Please or Register to create posts and topics.

Contactor compatibility with the BMS

Hi again, got another question, is this contactor compatible with the bms for chargers and consumers disconnect (separate busses so two will be used)? I'm having a hard time sourcing the ones people recommend here in Sweden. As far as I can see it should work and the current draw is acceptable, but it's not my main area of expertise. I realise this might be a bit outside the scope of questions that you could be expected to answer, so no hard feelings if you don't.


Always a pleasure to share knowledge so that you get the best possible experience when going to lithium.  I never heard about this contactor before, but it looks serious with complete datasheet.  I do not see anything that would make it not work with the BMS.  The key aspects to consider in relation to the BMS driving circuit are:

  • the coil circuit inrush current of 3.8A - which should be OK for the BMS as it is very short (a few milliseconds?) - the BMS can support up to 7A for 100 ms
  • the datasheet does not say if there is a protection diode in the coil circuit to avoid very high voltage spike when the relay is switched off.  these diodes are called "flyback", "freewheeling" or "snubber".  If the contactor does not have such diode, then you should install one (1N4007 for example).


Thanks for the answer, I thought that since it has positive and negative terminals it is with protection diode, can it be any other reason for that(the N version has non polar loaded terminals)?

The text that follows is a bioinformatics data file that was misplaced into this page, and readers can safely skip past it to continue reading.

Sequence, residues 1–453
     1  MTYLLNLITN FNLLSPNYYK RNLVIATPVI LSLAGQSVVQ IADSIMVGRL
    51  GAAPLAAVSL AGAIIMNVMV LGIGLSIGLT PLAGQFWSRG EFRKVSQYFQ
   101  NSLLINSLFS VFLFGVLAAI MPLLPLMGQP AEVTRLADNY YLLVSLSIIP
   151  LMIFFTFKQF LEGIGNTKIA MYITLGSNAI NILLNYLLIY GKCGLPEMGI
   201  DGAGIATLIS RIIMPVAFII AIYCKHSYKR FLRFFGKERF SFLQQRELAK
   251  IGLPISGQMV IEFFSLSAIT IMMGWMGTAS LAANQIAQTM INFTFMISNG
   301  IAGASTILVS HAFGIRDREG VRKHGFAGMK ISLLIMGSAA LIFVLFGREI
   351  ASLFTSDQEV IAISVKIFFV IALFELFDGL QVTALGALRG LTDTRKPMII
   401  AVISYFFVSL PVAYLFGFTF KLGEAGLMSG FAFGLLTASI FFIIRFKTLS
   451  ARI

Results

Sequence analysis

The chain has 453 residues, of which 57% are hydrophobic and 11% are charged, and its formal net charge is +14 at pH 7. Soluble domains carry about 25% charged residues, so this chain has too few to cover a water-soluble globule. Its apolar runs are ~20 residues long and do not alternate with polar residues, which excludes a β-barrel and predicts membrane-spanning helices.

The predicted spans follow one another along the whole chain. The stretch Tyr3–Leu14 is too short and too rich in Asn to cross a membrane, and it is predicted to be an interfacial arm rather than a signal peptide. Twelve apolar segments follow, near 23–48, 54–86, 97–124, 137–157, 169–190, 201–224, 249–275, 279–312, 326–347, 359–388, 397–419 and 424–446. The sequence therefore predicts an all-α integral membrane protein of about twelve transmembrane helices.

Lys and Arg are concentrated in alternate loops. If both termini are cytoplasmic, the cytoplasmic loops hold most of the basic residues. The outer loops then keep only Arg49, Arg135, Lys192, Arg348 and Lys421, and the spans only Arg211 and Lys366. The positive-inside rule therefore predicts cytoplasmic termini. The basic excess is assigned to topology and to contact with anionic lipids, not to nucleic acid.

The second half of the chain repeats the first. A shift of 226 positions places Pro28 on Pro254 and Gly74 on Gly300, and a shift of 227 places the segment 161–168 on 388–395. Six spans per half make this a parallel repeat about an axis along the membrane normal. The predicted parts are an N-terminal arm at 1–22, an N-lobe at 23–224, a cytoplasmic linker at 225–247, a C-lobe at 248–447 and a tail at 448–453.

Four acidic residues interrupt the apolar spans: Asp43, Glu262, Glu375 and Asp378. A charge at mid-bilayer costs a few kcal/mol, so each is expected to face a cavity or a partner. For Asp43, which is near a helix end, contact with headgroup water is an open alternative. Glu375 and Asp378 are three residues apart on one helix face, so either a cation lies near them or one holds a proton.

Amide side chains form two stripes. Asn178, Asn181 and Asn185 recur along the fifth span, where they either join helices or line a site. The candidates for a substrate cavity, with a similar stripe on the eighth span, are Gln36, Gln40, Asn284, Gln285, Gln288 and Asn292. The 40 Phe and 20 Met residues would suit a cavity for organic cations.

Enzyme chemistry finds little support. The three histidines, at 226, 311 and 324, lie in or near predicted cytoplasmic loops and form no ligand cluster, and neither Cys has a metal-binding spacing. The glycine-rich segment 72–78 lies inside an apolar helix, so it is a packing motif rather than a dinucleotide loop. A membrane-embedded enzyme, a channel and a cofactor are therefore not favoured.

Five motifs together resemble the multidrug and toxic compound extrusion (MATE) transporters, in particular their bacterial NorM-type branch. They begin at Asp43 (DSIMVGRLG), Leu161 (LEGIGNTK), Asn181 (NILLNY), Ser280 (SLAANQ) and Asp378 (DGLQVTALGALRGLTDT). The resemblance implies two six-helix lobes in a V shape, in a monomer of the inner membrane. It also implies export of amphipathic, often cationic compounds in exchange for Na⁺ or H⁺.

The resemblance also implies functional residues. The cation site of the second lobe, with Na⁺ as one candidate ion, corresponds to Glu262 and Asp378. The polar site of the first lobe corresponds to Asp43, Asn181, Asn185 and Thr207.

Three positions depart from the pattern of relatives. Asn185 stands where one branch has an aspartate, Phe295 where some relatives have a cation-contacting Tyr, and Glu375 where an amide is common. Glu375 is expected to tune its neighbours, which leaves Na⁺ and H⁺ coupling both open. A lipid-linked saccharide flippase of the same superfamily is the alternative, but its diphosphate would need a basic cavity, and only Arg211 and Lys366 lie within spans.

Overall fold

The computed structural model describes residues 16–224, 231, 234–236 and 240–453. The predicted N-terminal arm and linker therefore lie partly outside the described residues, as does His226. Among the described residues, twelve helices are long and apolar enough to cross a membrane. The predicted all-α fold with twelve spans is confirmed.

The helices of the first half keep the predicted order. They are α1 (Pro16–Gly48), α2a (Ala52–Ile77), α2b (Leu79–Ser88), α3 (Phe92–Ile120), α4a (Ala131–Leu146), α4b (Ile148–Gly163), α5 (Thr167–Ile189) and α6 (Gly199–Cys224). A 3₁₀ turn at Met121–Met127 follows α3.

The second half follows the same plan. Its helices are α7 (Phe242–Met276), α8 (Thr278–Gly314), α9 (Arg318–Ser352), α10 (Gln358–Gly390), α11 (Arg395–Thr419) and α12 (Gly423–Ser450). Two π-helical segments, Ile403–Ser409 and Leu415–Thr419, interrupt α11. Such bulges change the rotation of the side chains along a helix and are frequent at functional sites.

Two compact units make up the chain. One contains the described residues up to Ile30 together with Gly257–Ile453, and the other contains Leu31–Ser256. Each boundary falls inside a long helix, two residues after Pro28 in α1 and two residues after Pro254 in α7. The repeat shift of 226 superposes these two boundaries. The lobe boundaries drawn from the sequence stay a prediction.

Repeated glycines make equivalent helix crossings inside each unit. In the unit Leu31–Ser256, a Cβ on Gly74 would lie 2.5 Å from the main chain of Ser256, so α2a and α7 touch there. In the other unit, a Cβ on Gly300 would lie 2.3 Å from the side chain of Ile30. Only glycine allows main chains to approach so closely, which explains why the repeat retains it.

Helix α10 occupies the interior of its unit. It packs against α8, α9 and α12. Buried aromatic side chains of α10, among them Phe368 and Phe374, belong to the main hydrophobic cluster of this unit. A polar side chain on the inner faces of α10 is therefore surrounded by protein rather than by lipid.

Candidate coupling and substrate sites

The polarity option of the contactor is for the power terminals (+A1 / -A2).

The need for a protection diode is on the red and black coil wires.

The coil is an inductance:

  • when it is powered ON, some current flows through the inductance and there is energy stored in the inductance
  • when it is powered OFF, it takes some time for the current in the inductance to go down (the time to dissipate the energy it has stored) and, as the command switch (the BMS output) is open, there is nowhere for that current to go to... and that creates a huge voltage build up

The protection diode is mounted between the red and black coil wires to give a path for that current. 

I found an image on Internet showing the contactor coil (L and R), the BMS output (switch) and the protection wire (D). 

  • the contactor red coil wire is connected to the BMS output
  • the contactor black coil wire is connected to ground

Relay diode schematic circuit diagram

Daniel has reacted to this post.